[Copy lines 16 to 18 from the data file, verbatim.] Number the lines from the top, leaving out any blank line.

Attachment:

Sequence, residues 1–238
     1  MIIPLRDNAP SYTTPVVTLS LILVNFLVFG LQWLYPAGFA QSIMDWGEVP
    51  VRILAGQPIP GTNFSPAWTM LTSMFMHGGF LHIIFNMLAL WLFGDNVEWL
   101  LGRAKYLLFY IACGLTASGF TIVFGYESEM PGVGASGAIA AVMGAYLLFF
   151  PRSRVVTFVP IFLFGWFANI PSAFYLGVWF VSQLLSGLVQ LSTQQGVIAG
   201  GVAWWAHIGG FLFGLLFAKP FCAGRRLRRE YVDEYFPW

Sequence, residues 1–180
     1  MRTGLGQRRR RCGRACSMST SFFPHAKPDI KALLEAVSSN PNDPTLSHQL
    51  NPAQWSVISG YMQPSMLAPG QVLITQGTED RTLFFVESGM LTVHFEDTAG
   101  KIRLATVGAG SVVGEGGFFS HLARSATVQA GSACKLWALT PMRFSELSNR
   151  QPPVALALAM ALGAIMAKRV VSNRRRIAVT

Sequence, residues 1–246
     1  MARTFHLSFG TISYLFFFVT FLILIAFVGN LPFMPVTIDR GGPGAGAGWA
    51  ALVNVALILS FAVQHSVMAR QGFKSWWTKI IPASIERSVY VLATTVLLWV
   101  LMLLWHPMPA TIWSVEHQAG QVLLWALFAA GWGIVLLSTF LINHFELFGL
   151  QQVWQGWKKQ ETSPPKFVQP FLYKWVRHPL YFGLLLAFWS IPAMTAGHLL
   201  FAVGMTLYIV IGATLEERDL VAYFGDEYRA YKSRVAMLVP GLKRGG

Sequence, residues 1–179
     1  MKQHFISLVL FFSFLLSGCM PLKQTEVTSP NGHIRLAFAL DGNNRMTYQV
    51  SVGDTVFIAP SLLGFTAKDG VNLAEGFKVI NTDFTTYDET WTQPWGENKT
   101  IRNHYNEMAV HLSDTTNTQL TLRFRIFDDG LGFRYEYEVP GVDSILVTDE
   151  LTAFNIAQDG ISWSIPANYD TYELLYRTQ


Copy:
   151  QQVWQGWKKQ ETSPPKFVQP FLYKWVRHPL YFGLLLAFWS IPAMTAGHLL
   201  FAVGMTLYIV IGATLEERDL VAYFGDEYRA YKSRVAMLVP GLKRGG

Sequence, residues 1–179